Avid canoeist Ken Ingram didn't let dry weather keep him off the water in 2007 and 2008.
But he prefers conditions like he and other paddlers are experiencing this spring.
When it's raining and rivers and creeks are rolling, paddlers can be flexible and adventurous rather than forced to stick with the same waters that offer passable levels even in near-drought years like we've been dealing with the past two years.
With more rain falling heading into this past weekend, Ingram got a chance to try out a new float.
Ingram and four friends paddled the Roanoke River from Dixie Caverns to the pump house in Salem.
"It was a great trip," reported Ingram, who has floated the section from Salem to Wasena Park in Roanoke many times.
Ingram said water levels were just about ideal on the Roanoke, where the river peaked at about 3.4 feet, according to the U.S. Geological Survey's gauge at Glenvar on Sunday afternoon. (Find the link to the USGS real-time stream flow site on my Wild Life blog on roanoke.com.)
Good river conditions across the region drew paddlers out in high numbers.
The busy weekend also brought a tragic reminder that paddling has its dangers when a kayaker Cabell Mercer Oast, 51, of Greensboro, N.C., drowned Sunday on the Maury River in the Goshen Pass area.
Canoeist Dave Weir had just finished a trip on the lower Maury when he decided to head up to an area known as the Devil's Kitchen, just to check it out.
"The rescue people had just gotten there," said Weir, who said Oast's body hadn't yet been recovered. "Seeing that situation makes you stop and think."
Weir said he has been paddling a whitewater canoe since 1999 but still doesn't feel comfortable in difficult whitewater. The Class II and III stuff of the lower Maury is more his speed.
"I always paddle within my skill level," he said.
Not that Oast was being reckless.
In fact, authorities said Oast's group has been kayaking in the area for 10 years.
But there's no doubt that an accident is more likely when a paddler gets into a situation beyond his skill level, something that can happen innocently enough.
"Sometimes the most benign-looking water can be deceiving," Weir noted.
My worst canoe accident occurred in a what seemed like a fairly slow stretch of water when I became distracted taking pictures and didn't see a low-hanging branch over the water until it was too late.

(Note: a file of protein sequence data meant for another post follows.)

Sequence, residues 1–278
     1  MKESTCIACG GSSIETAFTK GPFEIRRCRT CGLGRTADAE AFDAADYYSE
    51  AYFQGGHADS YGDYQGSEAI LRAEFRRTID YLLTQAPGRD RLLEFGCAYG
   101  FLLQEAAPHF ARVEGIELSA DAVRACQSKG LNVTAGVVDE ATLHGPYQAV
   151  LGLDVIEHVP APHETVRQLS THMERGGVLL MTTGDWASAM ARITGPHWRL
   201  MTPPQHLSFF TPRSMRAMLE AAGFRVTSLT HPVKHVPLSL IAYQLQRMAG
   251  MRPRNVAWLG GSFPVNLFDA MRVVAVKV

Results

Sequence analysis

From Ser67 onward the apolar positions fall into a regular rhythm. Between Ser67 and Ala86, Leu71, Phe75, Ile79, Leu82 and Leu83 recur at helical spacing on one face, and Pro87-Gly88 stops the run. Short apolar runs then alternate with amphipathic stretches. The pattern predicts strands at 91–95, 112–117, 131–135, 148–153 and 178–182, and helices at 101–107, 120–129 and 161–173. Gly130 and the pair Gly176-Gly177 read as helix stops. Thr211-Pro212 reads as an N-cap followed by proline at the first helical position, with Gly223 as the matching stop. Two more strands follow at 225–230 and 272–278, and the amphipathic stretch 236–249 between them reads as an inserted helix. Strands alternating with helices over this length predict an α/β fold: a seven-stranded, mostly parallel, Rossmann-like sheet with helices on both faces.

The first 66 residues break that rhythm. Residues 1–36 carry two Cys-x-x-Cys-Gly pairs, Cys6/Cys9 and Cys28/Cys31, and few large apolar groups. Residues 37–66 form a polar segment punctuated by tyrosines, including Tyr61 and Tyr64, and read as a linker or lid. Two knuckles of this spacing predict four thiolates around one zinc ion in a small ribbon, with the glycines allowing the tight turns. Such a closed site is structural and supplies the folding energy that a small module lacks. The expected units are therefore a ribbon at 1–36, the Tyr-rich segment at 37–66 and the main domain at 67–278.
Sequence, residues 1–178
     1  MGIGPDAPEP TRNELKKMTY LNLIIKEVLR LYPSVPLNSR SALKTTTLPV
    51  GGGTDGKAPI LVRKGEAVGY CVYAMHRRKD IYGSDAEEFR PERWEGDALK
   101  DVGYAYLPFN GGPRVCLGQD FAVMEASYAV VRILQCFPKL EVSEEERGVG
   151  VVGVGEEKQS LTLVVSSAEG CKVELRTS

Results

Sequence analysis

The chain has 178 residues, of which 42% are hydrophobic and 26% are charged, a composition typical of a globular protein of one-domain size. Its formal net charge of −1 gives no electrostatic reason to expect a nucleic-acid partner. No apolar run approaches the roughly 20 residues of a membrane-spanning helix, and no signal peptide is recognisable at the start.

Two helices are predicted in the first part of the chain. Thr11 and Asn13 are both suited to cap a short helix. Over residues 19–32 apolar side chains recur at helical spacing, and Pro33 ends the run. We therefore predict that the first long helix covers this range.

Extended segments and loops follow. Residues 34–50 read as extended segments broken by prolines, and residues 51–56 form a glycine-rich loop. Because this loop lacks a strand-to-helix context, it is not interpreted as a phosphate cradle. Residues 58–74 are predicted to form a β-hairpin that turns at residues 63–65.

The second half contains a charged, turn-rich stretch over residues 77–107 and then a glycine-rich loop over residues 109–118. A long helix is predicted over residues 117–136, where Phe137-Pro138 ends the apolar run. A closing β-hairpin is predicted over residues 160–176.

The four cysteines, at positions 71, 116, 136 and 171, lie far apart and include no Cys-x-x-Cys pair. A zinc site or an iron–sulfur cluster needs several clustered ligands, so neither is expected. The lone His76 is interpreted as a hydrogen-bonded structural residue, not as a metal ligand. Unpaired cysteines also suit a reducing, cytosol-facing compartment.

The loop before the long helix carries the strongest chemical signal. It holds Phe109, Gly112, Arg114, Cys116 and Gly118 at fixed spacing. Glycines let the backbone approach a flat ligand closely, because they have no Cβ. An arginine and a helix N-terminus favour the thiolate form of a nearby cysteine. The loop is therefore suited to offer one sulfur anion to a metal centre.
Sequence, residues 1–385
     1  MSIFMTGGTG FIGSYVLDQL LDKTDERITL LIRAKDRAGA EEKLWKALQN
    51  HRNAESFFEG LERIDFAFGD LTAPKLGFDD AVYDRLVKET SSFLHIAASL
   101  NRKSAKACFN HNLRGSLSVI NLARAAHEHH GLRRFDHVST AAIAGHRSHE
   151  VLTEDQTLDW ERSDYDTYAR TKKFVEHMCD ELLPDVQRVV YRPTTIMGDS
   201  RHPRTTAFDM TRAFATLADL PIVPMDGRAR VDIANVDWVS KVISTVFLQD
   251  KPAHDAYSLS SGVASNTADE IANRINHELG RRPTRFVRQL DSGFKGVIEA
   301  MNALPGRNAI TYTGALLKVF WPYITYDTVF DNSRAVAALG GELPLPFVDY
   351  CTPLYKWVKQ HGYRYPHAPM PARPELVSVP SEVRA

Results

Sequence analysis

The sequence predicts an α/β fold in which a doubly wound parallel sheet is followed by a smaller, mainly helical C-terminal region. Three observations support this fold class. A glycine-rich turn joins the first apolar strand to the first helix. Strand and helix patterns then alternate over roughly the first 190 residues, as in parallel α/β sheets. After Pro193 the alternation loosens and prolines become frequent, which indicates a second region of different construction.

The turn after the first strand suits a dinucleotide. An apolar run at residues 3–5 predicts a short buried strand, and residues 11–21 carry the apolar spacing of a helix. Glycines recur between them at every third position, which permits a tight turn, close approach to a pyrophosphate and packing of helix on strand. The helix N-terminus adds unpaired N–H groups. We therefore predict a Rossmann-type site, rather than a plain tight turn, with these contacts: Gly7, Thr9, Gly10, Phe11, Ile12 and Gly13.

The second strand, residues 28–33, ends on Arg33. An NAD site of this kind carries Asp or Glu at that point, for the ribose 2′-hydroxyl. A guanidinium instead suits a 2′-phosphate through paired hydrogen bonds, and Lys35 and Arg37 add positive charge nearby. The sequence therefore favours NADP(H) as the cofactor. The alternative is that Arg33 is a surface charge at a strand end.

Something to keep in mind as these robust creeks and rivers call paddlers of all level this spring is that if it looks easy, it might not be.
If it looks hard, it is.
If it looks scary, maybe it's best left alone.
That float Ingram and his buddies did on Sunday is one of those that's well-suited for beginner canoeists and kayakers who have a little experience on moving water but want a little more.
It's got the typical assets of a freestone river flowing through Appalachia, with a mix of quiet pools, riffles and a few rocky drops that will test technical skills.
In fact, that description is pretty fitting for the entire stretch of the Roanoke from Dixie Caverns down to the 13th Street bridge, the downstream end of the Roanoke River Greenway.
The river doesn't get much attention from paddlers, which is probably understandable given the close proximity of larger rivers such as the James and New.
Ingram and some of his fellow paddlers with the Float Fishermen of Virginia would like to see the river get more attention.
Ingram said the club's members have been watching with envy the success of paddling events in surrounding areas, such as Franklin County with its Pigg River Ramble weekend.
Why not try something like that on the Roanoke River, they wondered?
"We're sitting here on a great piece of river, when it has water," Ingram said.
The Float Fishermen are in the planning process of what they hope will become an annual Roanoke River festival.
The tentative date is June 6, when the club plans a group float from Salem's Rotary Park to Roanoke's Wasena park.
The group is also planning a combination float and river clean-up on April 11.
Paddlers seeking more information on either event can call Ingram at 989-7151.